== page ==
Some key terms and ideas for understanding this work

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Some key terms and ideas for understanding this work:

  1. Leisure and work: otium and negotium

  2. Ars, exercitatio, ingenium: learning/art, practice, inborn talent

  3. Rhetoricians, Philosophers, the Orator

  4. The New Academy

  5. Discussing in utramque partem: “each side of an issue”

  6. advocatus diaboli (“devil’s advocate”)

Major Themes and Issues:

  1. What is the orator (ideal, practical, a combination)?

  2. The acquisition of Greek culture: bringing it to Rome

  3. The sceptical reader

  4. The Roman ‘statesman’ and the need for eloquentia

  5. Political upheaval

  6. The conflict of philosophy and rhetoric (Plato!)

  7. The conflict between practical requirements of daily life and the need for learning in order to succeed in those practical requirements (according to Cicero) (cf. 1.20-21)

The De Oratore as a Piece of Literature:

  1. The de oratore is a “rhetorical dialogue.”

  2. How do we read it? Individuals, structure, parallels, repetition, climax.

  3. Individuals and the “main” character

  4. Who is the “main” character?

  5. Authorial opinion and the protagonist(s): does this form allow us to search for “Cicero’s opinion”?

  6. There is a theory of “waves” about the De Oratore: that is, as the work progresses, especially in Book III, Crassus’s “maximalistic” take on oratory becomes increasingly prominent. To what extent is this true? What are the underlying assumptions in reading the De Oratore this way?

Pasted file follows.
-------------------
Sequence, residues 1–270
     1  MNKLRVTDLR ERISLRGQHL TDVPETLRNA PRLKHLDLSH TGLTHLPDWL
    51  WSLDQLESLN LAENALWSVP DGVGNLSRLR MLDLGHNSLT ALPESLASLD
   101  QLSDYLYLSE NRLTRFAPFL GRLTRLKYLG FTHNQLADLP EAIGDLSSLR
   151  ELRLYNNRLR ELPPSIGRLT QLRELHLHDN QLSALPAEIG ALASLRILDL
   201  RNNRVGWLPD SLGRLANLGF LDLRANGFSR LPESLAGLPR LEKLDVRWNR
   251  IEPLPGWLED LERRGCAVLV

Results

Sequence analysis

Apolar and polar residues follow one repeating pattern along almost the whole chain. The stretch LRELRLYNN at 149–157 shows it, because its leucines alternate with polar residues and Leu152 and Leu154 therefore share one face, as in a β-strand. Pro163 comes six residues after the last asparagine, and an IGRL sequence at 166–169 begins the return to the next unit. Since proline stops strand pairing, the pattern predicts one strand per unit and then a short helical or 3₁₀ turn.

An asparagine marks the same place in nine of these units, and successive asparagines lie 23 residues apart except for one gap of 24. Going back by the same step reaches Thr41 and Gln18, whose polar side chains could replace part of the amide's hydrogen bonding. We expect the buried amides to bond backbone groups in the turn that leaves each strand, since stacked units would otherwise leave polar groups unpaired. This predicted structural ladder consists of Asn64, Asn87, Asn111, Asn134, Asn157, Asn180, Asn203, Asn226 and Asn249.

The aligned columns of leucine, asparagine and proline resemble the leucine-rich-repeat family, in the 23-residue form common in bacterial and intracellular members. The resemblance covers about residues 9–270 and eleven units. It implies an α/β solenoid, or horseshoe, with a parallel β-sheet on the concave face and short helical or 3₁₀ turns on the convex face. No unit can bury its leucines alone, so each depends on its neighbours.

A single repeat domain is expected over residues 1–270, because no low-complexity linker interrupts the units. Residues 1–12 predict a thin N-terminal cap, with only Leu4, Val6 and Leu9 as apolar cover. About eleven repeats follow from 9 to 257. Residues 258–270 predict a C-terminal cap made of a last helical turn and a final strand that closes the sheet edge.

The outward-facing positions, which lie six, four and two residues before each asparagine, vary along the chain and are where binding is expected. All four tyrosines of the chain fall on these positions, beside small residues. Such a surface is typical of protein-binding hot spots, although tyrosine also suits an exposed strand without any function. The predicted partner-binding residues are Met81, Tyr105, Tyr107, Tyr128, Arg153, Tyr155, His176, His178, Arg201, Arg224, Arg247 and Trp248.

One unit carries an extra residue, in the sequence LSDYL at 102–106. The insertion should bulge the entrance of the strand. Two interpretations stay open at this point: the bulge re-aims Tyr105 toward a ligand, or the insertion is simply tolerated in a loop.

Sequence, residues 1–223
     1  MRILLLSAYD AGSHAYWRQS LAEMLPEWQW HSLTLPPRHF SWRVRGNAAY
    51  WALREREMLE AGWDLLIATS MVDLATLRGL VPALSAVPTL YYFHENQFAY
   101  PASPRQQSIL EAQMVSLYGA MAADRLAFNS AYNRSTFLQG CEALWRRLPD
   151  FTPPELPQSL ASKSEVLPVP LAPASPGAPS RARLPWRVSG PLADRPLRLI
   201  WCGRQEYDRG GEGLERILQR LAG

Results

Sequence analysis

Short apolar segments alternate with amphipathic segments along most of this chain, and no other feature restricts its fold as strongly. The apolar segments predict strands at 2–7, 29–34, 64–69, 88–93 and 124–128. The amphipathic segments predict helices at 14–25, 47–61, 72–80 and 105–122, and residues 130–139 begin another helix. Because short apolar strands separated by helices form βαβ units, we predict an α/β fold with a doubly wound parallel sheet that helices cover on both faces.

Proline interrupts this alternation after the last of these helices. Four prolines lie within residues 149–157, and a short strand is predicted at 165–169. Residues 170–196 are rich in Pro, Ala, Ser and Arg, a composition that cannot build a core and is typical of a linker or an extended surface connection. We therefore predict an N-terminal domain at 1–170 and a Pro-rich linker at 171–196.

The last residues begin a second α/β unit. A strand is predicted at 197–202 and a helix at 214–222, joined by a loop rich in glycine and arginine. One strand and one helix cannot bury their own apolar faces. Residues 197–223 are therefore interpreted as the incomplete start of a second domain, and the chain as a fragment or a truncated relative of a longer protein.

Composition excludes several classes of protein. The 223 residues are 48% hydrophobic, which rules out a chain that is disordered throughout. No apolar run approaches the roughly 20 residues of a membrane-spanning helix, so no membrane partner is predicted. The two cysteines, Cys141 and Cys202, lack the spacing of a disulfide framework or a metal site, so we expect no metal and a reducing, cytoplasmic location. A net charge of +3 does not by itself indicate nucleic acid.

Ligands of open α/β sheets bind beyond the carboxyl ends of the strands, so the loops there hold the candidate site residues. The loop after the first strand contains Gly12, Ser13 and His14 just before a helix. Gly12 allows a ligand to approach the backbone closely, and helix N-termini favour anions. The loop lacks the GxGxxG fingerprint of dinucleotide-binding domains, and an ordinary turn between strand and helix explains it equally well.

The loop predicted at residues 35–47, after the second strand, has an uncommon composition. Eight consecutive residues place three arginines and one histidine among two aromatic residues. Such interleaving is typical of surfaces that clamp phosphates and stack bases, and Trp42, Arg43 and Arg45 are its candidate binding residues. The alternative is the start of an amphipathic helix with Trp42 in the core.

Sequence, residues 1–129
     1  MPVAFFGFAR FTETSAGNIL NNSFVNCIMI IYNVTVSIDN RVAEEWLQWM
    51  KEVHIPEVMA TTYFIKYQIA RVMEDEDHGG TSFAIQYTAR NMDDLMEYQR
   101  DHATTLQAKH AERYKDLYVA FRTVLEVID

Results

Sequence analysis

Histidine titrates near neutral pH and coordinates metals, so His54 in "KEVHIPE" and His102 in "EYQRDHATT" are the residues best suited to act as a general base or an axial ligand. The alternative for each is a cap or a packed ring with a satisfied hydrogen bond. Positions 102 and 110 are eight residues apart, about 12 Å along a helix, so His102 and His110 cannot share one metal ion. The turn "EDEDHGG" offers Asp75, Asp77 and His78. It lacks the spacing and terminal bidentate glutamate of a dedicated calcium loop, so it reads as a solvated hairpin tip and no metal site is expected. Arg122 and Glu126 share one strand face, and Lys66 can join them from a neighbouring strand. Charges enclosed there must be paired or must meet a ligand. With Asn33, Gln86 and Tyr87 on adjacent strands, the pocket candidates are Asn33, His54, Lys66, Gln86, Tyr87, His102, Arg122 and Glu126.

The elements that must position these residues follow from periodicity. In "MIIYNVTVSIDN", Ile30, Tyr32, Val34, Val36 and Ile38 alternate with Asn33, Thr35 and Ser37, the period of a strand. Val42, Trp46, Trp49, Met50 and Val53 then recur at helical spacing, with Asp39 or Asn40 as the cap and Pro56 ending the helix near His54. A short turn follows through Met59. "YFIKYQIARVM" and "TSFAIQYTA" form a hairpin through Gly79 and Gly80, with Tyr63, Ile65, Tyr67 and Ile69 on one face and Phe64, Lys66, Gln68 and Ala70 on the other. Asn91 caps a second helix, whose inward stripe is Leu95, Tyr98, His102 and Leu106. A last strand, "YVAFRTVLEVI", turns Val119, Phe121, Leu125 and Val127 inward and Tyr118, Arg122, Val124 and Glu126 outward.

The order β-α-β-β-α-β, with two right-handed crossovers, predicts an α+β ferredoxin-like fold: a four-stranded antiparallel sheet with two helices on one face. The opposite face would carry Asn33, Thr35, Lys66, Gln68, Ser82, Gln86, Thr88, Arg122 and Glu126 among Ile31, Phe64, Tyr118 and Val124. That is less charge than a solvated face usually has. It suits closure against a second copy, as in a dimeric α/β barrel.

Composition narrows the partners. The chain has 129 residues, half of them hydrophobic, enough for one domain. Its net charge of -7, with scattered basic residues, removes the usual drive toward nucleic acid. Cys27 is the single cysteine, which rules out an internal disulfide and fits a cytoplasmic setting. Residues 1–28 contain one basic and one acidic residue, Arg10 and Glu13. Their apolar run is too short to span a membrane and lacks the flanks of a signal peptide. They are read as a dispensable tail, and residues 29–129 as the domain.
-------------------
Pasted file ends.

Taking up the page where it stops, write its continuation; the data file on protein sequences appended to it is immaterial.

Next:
Technical Terminology and Background of Rhetoric and Oratory:

  1. Plato: Gorgias, Phaidros; Socrates; [“know thyself”]; the problems of rhetoric and truth; the opposition of philosophy to rhetoric. What is Cicero’s take on philosophy vs. rhetoric? How does he overcome this opposition (if at all)?

  2. Aristotle: Rhetoric

  3. Isocrates: Formalized Rhetorical Education; “epideictic” oratory

  4. Philosophical Schools: Epicureanism (Epicurus), Stoicism (Zeno of Citium), The (New) Academy (founded by Plato; C, The Peripatetics (Aristotle).

  5. Stoics, Academy, Peripatetics all traced their origins back to Socrates.

  6. Competition between rhetorical and philosophical schools

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